HONG KONG — On every major public occasion in China, like the current National Day Golden Week holiday that began Oct. 1, the nation’s military is deployed to appear in endless parades and public outreach events.
Online, a different sort of army is also deployed. The “50 Cent Army” is a group of state-backed internet commenters whose numbers have reportedly ranged from 500,000 to two million. The root of the nickname – the idea that the government pays 50 renminbi cents per pro-China post – has long been debunked.
However, “wu mao” (or “50 cents” in Chinese) is still a common online insult, and even the official state media have acknowledged that there are government agents posing as ordinary, patriotic netizens.
A Harvard study published in August analyzed 44,000 posts related to an email leak to paint a picture of this “army.”
It concluded that “50 Centers” are not raging Chinese youth typing furiously away in their moms’ basements, as the stereotype goes, but government bureaucrats in unrelated fields like taxation or sports management, employed overtime to churn out posts allegedly by ordinary citizens.
They are not typical trolls. Instead of arguing about jailed dissidents or naval disputes, they mostly blanket the internet with blandly positive posts. “Almost none of the Chinese government’s 50c party posts engage in debate or argument of any kind,” the Harvard study said.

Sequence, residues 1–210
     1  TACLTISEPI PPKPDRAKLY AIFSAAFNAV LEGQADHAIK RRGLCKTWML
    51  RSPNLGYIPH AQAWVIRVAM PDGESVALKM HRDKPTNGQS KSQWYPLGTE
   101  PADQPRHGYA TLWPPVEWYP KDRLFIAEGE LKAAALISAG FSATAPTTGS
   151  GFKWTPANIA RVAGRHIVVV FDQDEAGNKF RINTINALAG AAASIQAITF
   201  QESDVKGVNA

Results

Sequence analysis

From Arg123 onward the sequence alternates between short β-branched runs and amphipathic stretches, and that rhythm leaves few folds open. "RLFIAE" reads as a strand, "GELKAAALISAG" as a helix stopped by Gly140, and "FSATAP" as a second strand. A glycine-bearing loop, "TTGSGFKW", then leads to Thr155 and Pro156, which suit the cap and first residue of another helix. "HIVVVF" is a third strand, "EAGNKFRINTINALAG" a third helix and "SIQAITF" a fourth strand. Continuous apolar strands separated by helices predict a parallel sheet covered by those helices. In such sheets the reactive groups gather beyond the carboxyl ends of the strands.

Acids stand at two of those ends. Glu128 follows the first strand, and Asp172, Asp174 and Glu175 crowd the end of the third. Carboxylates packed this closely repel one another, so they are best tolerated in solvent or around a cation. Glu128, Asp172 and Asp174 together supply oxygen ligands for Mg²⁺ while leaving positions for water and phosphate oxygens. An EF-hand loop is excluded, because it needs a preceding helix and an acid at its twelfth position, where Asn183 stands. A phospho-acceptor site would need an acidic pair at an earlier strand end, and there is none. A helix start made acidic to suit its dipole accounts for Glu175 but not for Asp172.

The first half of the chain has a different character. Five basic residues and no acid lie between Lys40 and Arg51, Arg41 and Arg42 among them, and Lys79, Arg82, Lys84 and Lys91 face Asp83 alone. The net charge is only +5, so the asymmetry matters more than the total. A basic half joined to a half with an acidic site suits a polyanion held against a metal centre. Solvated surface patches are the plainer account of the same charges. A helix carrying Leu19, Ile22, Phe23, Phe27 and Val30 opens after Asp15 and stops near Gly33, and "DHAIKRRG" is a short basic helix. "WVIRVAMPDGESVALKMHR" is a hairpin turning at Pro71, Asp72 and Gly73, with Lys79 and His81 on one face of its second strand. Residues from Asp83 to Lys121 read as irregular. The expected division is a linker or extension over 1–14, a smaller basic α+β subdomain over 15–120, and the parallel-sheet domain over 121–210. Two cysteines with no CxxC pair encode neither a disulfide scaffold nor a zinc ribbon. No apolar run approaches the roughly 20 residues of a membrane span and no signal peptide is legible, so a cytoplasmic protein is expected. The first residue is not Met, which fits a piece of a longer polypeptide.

Not surprisingly, “50 Centers” are found to be busiest when the state wishes to boost patriotism (like National Day) or when it wishes to cover up news, like October independence protests in Hong Kong.
“On an anniversary, everyone is on the edge of their seats,” David Bandurski, editor of the University of Hong Kong’s China Media Project, said in a telephone interview. “It doesn’t matter if it’s an anniversary of the Cultural Revolution or Communist Party or National Day – it’s always a nervous moment. That’s the point of control.”
Bandurski was one of the first Western commentators to write about the 50 Cent Army in 2008, when Beijing was struggling with Tibetan unrest, the deadly Sichuan earthquake and human rights protests ahead of the Beijing-hosted Summer Olympics. At the time, the government diverted Chinese netizens’ attention – and ire – to an American CNN commentator who had criticized China.
“Redirecting public opinion is nothing new,” Bandurski said. “It’s been official policy since 2008.”
The 50 Cent Army is not really an army; it’s just a platoon in a much larger propaganda apparatus. All those positive posts are planted in an environment that bans most Chinese from legally accessing social media like Twitter, Facebook and YouTube, as well as critical news media like The New York Times and Bloomberg.
While “50 Centers” may distract viewers with pro-government posts, other branches of the Propaganda Department are busy censoring controversial articles and key words. When the “50 Cent Army” emerged in the early 2000s, online discourse was concentrated in chatrooms, bulletin boards and comment fields under articles. Today, when many millennials are connected to the internet constantly via their phones and watches, their tactics may seem outdated.